A new strategy has set out proposals that all of the council’s 2000 vehicles should by emissions free by the end of 2029. It is intended that only electric and hydrogen-powered vehicles, across all sizes and classifications, will be used to deliver crucial city services by 2030.
The fleet, which includes everything from street sweepers and mini-buses to refuse vehicles and gritters, is currently aging and in need of an overhaul to meet the demands of a modern, data-smart city. Most council vehicles are currently powered by diesel and the annual fuel bill is in excess of £5 million.
The renewal of the vehicle fleet is seen as a vital part of the council’s response to the impending climate emergency and the expectation that the council becomes an exemplar organisation in the fight to reduce the city’s carbon emissions.
By taking a bold lead towards a zero emissions fleet, it is anticipated that a local authority the size of Glasgow can spark the development of a Scottish market for hydrogen-powered vehicles. This in turn will help to drive down the costs with emerging technologies and support the efforts of other transport providers to modernise their own fleets.
The new fleet strategy was initially presented to councillors at the Environment, Sustainability and Carbon Reduction Committee on Tuesday, August 27 and has now received formal approval from the council’s City Administration Committee.
Councillor Anna Richardson, City Convener for Sustainability and Carbon Reduction, expressed her delight with the award of £805k award from the Switched on Fleets Fund that allows early progress to be made with the new Fleet Strategy.
She believes the new strategy shows the council is committed to addressing the challenges of the climate emergency.
Councillor Richardson said: “To tackle carbon reduction in Glasgow effectively, it is essential the council gets its own house in order. Both transport providers and environmental campaigners are looking to the council to take a lead toward carbon neutrality for our fleet.
“Electric vehicle technology is evolving rapidly and will be able to support a wide range of tasks undertaken by our vehicles. But the green technology for heavier vehicles is still emerging and so we have the opportunity to influence the market for ourselves and other major transport providers.
“The funding award from Transport Scotland will help to ensure larger dual fuel hydrogen gritters are up and running in the early part of next year. These dual fuel vehicles should act as a significant stepping stone towards emissions-free gritters and refuse trucks as part of our wider strategy for a zero emissions fleet.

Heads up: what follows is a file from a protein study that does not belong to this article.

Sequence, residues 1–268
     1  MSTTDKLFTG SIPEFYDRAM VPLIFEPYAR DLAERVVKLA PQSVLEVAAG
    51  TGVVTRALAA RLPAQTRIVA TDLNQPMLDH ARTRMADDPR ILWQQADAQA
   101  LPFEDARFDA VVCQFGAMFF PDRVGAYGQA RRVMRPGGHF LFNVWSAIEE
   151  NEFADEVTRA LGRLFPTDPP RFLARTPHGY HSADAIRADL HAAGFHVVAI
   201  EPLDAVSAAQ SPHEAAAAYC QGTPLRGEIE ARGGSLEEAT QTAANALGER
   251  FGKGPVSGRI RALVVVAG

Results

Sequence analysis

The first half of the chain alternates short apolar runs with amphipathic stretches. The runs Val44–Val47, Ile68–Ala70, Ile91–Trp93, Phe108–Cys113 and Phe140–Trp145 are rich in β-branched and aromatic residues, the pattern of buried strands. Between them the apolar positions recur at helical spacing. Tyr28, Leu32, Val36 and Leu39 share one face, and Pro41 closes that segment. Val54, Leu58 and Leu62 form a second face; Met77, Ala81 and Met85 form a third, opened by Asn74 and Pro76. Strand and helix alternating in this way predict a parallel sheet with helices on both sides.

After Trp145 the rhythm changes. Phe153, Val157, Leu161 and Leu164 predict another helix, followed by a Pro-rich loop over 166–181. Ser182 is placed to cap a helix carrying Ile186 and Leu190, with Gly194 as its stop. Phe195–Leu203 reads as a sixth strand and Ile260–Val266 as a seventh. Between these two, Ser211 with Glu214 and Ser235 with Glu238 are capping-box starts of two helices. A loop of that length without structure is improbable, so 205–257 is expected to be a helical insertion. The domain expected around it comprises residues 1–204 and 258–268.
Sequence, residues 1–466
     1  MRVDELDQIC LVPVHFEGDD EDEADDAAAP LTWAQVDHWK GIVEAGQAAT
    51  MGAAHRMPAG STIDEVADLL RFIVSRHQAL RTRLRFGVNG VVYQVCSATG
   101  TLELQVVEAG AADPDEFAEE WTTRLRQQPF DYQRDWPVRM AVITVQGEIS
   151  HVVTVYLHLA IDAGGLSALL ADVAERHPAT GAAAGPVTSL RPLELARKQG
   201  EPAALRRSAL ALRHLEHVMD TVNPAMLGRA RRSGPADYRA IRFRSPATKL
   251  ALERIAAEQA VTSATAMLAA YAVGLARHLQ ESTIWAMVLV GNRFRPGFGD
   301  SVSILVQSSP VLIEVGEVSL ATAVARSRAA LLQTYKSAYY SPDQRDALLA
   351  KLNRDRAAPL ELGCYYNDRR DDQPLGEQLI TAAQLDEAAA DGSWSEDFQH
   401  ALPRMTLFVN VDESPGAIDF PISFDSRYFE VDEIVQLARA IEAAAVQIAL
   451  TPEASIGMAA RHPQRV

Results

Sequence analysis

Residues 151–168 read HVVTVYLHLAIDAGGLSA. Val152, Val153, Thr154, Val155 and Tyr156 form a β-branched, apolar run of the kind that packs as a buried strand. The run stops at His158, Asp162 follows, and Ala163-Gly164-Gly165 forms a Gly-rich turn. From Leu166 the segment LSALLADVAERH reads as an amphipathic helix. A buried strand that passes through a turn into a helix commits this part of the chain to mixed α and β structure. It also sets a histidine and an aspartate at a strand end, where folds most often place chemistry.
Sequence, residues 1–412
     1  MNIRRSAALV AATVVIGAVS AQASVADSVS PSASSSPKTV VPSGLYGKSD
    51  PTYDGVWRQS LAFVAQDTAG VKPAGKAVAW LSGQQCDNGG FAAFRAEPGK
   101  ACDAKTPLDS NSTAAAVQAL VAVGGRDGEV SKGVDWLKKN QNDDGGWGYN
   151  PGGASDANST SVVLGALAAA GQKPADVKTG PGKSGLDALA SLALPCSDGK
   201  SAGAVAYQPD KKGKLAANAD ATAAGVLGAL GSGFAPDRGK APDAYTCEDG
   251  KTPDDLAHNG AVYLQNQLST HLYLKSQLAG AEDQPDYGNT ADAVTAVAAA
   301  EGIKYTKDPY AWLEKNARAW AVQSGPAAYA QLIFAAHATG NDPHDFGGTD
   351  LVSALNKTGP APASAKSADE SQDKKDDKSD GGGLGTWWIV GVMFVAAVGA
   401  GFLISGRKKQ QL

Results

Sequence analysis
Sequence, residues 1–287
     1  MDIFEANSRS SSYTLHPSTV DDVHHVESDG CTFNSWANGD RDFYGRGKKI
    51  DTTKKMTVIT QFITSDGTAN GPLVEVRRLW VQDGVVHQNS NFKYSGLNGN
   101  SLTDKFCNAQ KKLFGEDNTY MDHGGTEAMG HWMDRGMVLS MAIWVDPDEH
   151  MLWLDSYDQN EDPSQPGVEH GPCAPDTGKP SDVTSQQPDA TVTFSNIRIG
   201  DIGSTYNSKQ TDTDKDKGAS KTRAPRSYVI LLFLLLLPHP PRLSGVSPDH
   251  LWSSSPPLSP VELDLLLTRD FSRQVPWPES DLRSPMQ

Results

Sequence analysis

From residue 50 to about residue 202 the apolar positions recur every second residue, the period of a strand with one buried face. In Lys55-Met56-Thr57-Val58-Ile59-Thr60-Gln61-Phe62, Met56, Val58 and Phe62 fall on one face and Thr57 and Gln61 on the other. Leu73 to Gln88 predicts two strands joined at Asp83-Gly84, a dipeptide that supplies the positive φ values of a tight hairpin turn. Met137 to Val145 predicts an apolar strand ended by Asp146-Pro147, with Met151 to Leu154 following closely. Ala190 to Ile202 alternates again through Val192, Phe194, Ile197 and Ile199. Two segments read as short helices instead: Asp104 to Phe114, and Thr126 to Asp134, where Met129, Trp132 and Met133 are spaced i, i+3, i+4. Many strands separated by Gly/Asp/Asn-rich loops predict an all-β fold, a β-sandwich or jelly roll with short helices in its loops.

“A wide range of discussions is currently underway on we best secure green hydrogen for our vehicles and move away from traditional sources of energy. We are absolutely focused on ensuring renewable energy drives our fleet in future.”
The Cabinet Secretary for Transport, Infrastructure and Connectivity, Michael Matheson, praised the council’s efforts to move towards a zero emissions vehicle fleet.
Mr Matheson said: “Glasgow City Council is yet again leading from the front in taking steps to improve air quality and through their new plan to decarbonise their existing fleet of vehicles by 2029.
“The 2019/20 Programme for Government outlined our commitment to phase out the need for new petrol or diesel cars in the public sector fleet by 2025 and for all other vehicles by 2030.
“Glasgow’s new fleet strategy directly responds to this ambition and supports our Climate Change Plan alongside our ambition for Scotland’s air quality to be the best in Europe. Transport Scotland officials have been working closely with Glasgow City Council to support this strategy and I’m delighted we are providing £805,000 from our Switched on Fleets Fund to convert over 20 gritters to dual-fuel hydrogen.
“We will continue to work in partnership to ensure that we can collectively maximise the economic opportunities for all of Scotland through this crucial transition to low carbon transportation.”
The overhaul and upgrade of the council’s fleet is due to begin with new electric cars being introduced in early months of next year along with the tower vans used to repair the city’s lighting columns. New electric road and precinct sweepers will be deployed next year also.
The fleet strategy also provides the opportunity for new technology to be installed within vehicles that will to boost the operation performance of vehicles, sharpen the scheduling for collection routes and ultimately improve recycling rates.